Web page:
- Agency hunts recruits as unemployment reaches 6-year low
- If Ponch and Jon were around today, they might drive for Uber
California Highway Patrol jobs, made cool by the 1970s television series “CHiPs,” were coveted as they came with high pay and great benefits along with the snappy uniforms and motorcycles. Now, the state’s economic comeback is so strong that recruits are hard to find.
Applications dropped to about 19,000 in 2014, from a peak of 55,000 during the height of the financial crisis in 2008 and 2009, according to the agency. Vacancies have grown 28 percent as the state’s unemployment rate dipped to 6.1 percent, the lowest in almost six years.
“When the economy is humming, we get fewer applicants,” said Captain Sam Dickson, commander of the Highway Patrol Academy.
California, the world’s eighth-largest economy, is finding patrol recruits lured away by technology companies, new-commerce titans such as Uber Technologies Inc. and Lyft Inc. and other better-paying opportunities. It joins police departments across the country, including in New York and Chicago, that are having trouble drawing candidates, said Jim Pasco, executive director of the National Fraternal Order of Police.
“There is a greater variety of employment opportunities,” he said.
In California, other state departments are also having trouble filling information-technology jobs as candidates flock to positions at Silicon Valley’s tech titans.
At the Sacramento-based Highway Patrol, a cadet earns as much as $68,328 annually in gross pay, while an officer collects as much as $108,324. They draw pensions averaging $74,616 for 28 years of service, according to data from the California Public Employees’ Retirement System. At the competing Sacramento County Sheriff’s Department, a sergeant earned as much as $181,776 and a captain earned as much as $184,136 in total wages in 2013, according to state controller data.
Senior information-systems analyst positions are also going unfilled in California state governments. Those jobs have a salary ranging from $69,888 to $91,860, with openings in 24 state offices, said Jim Zamora, a spokesman with the Human Resources Department. The average annual technology salary was $112,610 in Silicon Valley last year, according to Dice.com, a San Jose-based technology-jobs website.
Still, information-systems analysts never had a show like “ChiPs.” Running from 1977 to 1983, it followed the lives of heartthrob patrolmen Ponch and Jon, played by Erik Estrada and Larry Wilcox. The shirts were tight, the smiles incandescent and the hair, unhelmeted, a fluffy confection.
Now, it’s harder to follow in the tracks of their Kawasakis.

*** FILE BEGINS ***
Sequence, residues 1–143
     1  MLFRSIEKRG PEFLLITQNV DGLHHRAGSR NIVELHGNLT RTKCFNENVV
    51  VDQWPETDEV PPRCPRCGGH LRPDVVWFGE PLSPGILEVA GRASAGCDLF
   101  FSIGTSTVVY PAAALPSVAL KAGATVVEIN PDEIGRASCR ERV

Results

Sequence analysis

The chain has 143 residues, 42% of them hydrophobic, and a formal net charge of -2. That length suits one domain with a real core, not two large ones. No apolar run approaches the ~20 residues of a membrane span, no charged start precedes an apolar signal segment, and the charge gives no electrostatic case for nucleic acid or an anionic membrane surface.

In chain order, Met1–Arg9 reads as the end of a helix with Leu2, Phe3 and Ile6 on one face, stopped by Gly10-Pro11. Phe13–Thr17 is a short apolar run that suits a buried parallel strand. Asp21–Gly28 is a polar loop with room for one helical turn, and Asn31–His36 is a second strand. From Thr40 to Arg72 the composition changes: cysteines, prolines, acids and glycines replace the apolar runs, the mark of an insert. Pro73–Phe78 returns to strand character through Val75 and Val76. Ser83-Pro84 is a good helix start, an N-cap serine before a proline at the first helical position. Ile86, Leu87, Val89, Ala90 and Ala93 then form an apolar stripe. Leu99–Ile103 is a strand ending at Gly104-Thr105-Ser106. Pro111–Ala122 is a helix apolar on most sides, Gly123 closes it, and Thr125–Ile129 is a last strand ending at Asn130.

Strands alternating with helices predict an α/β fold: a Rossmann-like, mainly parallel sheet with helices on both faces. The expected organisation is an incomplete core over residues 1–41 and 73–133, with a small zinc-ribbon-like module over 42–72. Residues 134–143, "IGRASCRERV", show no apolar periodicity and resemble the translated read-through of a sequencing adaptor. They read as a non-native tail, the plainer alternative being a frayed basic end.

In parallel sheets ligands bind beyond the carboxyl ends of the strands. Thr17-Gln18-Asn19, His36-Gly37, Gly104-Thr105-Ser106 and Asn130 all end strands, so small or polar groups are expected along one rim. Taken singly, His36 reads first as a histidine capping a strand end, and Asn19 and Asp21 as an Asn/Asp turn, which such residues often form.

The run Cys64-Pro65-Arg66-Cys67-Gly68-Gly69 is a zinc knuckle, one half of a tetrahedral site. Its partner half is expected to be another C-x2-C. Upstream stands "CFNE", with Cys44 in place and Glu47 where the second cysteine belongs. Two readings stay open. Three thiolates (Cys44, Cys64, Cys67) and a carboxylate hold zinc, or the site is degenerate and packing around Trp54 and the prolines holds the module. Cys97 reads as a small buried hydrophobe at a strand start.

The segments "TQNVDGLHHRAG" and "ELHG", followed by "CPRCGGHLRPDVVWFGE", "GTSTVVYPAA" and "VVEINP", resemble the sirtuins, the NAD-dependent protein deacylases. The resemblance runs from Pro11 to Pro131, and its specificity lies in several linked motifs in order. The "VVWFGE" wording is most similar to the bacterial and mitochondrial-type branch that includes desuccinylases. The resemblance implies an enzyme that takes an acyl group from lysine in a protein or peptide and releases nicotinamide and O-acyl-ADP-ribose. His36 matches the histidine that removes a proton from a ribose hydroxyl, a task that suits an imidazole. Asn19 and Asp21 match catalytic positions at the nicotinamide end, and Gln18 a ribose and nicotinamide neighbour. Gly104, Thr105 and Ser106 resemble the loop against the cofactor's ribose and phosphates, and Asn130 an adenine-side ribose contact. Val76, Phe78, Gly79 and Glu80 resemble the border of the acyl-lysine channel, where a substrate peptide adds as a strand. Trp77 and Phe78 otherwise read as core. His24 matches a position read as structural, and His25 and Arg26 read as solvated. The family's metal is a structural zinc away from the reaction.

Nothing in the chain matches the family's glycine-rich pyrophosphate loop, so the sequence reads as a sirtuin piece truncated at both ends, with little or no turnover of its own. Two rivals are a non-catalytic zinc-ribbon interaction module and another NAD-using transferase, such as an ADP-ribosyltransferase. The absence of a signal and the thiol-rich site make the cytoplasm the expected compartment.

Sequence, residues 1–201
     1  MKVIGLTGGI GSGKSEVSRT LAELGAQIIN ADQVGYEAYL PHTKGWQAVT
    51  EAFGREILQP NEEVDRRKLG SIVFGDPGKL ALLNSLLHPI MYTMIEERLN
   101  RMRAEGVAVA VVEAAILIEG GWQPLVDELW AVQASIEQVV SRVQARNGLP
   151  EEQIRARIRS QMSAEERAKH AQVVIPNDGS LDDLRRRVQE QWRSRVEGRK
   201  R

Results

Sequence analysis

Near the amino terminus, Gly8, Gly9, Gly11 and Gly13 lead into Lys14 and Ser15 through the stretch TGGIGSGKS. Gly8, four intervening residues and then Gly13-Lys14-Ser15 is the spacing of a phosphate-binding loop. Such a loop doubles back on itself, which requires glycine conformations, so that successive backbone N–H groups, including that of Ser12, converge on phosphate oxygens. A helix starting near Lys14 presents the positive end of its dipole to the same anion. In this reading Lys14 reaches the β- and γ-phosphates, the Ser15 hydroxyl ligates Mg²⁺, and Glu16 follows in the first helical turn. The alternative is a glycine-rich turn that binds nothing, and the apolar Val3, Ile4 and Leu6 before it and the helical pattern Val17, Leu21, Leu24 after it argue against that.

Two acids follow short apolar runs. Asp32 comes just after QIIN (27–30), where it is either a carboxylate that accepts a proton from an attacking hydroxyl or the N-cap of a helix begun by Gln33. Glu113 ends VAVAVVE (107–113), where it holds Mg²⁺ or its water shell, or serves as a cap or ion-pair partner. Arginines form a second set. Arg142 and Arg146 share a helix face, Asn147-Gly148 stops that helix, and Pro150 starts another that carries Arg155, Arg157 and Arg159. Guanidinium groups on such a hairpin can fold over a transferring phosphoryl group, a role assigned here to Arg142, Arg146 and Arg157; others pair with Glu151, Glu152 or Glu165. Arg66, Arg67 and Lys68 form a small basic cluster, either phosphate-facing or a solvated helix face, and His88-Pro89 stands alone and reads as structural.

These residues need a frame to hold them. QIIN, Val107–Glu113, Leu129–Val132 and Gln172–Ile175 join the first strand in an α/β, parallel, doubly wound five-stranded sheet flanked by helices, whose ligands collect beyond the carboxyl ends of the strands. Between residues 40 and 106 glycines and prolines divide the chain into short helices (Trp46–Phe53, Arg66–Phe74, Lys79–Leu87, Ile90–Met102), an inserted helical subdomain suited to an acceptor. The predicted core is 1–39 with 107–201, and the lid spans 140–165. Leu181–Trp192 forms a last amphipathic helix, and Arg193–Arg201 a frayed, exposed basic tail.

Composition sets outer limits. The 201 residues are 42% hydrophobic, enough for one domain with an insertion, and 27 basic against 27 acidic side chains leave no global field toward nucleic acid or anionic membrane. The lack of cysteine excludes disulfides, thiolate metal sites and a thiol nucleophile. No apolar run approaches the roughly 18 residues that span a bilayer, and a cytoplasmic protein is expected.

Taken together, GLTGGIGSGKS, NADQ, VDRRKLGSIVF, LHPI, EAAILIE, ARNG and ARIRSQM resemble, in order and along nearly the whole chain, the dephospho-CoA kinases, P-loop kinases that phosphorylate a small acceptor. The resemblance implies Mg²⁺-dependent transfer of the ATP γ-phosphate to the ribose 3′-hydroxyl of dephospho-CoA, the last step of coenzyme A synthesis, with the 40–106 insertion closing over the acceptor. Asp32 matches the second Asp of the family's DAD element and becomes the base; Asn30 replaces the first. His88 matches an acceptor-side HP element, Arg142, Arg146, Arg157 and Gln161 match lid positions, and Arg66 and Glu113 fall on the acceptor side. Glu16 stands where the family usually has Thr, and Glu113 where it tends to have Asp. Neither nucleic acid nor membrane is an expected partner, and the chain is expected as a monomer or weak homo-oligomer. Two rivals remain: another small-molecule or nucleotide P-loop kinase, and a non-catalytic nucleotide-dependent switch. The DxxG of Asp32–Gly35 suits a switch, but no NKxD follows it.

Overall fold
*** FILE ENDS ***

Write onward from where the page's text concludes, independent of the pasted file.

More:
Clearing a Highway Patrol applicant to attend the academy can take a year or two, including a background investigation, said Sergeant Brent Carter, the agency’s statewide coordinator for cadet hiring.
“It’s a buyers’ market,” Carter said. “They have the ability to shop around and see what everybody offers. Qualified candidates can pick and choose where they want to work.”
To draw interest in the agency, it has even invited news reporters and camera crews to experience the life of a cadet for a day. At one such event Oct. 7, about a dozen journalists did jumping jacks, raced through an obstacle course and acted out traffic-stop scenarios.
The patrol also uses social-media sites, including digital music service Spotify USA Inc., Facebook Inc. and Twitter Inc., to target advertisements and interact directly with 20- to 35-year-olds, CHP’s Carter said.
Statewide, employment rates are at 66 percent for those ages 20 to 24 and 79 percent for those 25 to 34, according to August data from the state Employment Development Department.
“In the Bay Area, we have one of the lowest unemployment rates per capita as individuals are able to seek employment in our myriad number of tech companies, or are self-employed or working at an easy-entry job such as Uber or Lyft,” patrol spokesman Daniel Hill said.
A majority of Uber drivers said working with the San Francisco-based car-service mobile application increased their income and most said they drive to earn more to support themselves and their families, according to a study the company released in January. They make $25.77 per hour in San Francisco and $17.11 per hour in Los Angeles, according to Uber.
Officer Matthew Crist, a patrol recruiter in the San Francisco area, said that this month he worked a booth at a career fair in San Mateo, a Silicon Valley city, that drew 300 to 400 people. About a dozen approached him. Most were interested in tech jobs, he said.
“A lot of it is that it’s easier to get into,” Crist said. “Getting jobs with other employers -- it’s instant. Most agencies, you’re looking at a year before you’re becoming an actual officer.”